Jeff Hamilton is a blogger for Psychology Today who writes extensively about his experiences coping with Attention Deficit Disorder. In a recent post, Jeff discussed his decision to let a hiring manager know about his condition:
Typically, this was always something I kept in the closet, but I decided to change that this fall. With my blog going viral and my book published and now for sale, it was going to be hard to not easily discover my ADD with a quick Google search. So, during a job interview, the hiring manager and I had a comfortable conversation about ADD: the past, future and the successes I have had in learning to correct and manage it.
Maybe this kind of frank conversation worked out for Jeff, but I’m not sure the rest of us would experience as positive an outcome. The truth is, your managers and team members mean well and I’m sure they’re very compassionate people, but at the end of the day, they want to believe that you can do your job as effectively as possible. Disclosing long-term physical or mental health conditions might well serve to undermine this perception, and the next thing you know, they’ll be waiting for the handicap to trip you up. If, as in Jeff’s case, your condition really doesn’t impact your work, then why do you need to tell people about it?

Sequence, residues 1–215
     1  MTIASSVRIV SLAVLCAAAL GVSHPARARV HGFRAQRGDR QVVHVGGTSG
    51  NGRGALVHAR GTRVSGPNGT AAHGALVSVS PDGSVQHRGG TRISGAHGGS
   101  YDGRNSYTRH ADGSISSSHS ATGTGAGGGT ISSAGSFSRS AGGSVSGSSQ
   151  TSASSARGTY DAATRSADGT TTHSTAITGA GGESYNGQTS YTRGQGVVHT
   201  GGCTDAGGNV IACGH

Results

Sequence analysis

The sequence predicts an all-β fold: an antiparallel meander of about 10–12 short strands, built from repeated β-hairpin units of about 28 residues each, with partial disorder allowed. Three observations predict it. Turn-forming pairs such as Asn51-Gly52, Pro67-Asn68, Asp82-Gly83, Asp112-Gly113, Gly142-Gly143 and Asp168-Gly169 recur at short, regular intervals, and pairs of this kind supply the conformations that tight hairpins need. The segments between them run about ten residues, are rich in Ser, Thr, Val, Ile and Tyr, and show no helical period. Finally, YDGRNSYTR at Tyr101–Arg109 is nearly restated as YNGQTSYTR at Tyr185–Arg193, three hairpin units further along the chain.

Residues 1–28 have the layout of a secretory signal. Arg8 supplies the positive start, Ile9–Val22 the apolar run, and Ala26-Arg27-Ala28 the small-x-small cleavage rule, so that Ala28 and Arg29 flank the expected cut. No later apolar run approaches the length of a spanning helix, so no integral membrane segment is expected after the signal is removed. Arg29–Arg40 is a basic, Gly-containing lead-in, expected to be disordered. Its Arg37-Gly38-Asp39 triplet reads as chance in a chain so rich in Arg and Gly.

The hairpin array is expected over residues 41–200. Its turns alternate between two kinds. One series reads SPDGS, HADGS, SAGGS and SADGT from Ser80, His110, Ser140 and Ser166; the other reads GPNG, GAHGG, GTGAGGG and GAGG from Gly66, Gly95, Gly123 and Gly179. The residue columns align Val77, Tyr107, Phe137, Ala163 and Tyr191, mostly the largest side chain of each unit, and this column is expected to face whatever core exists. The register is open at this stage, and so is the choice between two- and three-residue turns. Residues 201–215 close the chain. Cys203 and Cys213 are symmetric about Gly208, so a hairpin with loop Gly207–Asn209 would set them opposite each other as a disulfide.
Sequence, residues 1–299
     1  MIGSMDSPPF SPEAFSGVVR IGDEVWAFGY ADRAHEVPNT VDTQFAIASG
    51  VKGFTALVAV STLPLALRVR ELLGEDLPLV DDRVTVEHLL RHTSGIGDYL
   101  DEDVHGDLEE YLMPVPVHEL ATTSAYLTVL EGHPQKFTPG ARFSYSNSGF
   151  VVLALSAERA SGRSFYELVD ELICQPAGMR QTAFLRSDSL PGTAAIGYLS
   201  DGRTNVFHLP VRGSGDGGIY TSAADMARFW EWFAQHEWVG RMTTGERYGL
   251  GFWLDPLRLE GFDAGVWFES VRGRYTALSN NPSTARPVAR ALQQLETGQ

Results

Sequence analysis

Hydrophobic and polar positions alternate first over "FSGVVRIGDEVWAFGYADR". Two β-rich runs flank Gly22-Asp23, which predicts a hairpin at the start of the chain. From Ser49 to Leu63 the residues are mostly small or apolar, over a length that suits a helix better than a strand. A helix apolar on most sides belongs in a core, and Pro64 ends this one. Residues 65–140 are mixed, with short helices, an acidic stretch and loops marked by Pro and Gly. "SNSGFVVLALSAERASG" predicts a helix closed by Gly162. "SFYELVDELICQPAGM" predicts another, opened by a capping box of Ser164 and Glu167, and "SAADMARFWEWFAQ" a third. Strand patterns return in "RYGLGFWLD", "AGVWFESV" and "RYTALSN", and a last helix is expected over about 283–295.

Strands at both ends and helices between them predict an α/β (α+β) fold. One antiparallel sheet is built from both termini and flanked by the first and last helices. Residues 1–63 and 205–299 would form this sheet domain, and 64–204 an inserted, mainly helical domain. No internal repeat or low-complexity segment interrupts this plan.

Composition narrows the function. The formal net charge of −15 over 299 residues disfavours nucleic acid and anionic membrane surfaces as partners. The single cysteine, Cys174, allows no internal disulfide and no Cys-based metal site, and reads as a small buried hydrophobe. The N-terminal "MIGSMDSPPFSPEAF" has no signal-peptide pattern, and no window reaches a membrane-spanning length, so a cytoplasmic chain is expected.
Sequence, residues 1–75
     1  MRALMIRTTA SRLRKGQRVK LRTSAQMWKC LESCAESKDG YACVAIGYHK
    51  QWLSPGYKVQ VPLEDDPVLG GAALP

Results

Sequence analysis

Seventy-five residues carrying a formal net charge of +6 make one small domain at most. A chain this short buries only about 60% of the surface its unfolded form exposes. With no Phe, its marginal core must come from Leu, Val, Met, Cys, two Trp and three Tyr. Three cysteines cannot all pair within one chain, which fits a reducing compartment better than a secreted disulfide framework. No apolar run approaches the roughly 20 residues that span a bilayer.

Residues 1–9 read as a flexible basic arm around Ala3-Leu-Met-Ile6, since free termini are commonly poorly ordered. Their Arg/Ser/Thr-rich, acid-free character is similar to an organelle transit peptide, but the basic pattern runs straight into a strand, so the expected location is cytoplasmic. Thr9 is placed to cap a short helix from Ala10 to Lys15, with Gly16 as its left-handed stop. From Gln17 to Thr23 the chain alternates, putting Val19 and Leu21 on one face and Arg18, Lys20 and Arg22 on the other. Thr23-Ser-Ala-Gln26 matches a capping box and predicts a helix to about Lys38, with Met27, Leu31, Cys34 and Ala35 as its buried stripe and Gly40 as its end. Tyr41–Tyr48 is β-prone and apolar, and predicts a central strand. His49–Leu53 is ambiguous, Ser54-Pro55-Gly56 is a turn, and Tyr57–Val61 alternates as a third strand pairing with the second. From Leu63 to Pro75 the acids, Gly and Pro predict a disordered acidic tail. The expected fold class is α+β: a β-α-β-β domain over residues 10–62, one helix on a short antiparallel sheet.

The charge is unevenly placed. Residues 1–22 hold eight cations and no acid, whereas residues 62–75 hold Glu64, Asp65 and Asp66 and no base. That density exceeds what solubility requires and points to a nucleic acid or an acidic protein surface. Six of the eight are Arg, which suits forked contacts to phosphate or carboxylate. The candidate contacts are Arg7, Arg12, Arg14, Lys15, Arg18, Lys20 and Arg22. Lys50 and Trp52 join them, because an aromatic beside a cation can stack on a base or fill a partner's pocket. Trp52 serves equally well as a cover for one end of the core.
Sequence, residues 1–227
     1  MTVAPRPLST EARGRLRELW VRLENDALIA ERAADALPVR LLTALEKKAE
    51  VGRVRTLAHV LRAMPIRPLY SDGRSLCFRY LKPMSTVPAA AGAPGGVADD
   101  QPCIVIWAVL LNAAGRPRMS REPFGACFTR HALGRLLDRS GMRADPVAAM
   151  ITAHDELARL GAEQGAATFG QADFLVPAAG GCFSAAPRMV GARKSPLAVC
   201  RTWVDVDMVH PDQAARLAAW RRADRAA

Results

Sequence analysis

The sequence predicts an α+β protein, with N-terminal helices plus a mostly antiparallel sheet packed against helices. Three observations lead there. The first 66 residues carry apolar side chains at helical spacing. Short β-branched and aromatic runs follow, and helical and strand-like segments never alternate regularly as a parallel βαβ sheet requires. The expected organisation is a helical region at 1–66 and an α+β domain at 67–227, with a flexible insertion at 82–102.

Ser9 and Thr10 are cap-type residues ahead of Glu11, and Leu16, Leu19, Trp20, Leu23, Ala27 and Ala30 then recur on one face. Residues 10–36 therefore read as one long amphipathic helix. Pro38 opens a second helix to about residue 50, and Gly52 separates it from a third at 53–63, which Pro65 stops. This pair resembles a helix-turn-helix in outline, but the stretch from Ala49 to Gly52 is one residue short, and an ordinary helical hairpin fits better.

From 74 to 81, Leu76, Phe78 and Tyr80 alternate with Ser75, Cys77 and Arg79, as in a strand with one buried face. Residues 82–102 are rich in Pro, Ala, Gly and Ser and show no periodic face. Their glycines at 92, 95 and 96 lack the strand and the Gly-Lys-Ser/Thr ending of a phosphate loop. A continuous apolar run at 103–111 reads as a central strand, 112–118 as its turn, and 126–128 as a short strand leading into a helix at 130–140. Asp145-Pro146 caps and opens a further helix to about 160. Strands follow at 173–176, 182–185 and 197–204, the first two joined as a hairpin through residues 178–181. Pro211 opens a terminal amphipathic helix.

Jeff brings up another interesting point, and that’s Google search. By publishing a book and a blog on the topic of ADD, Jeff made a choice to be associated with it throughout the online universe. You should be doing regular Google searches for your name to ensure that you are comfortable with what appears and that it supports the professional identity you want to showcase. Fortunately, unless you are a public spokesperson like Jeff, your personal health information should, for the most part, be Google free.Posted in Team & Project Management | Tagged career, Collaboration, communication, effective leadership, emotional intelligence, influence, managing teams, office politics, productivity, professionalism, relationships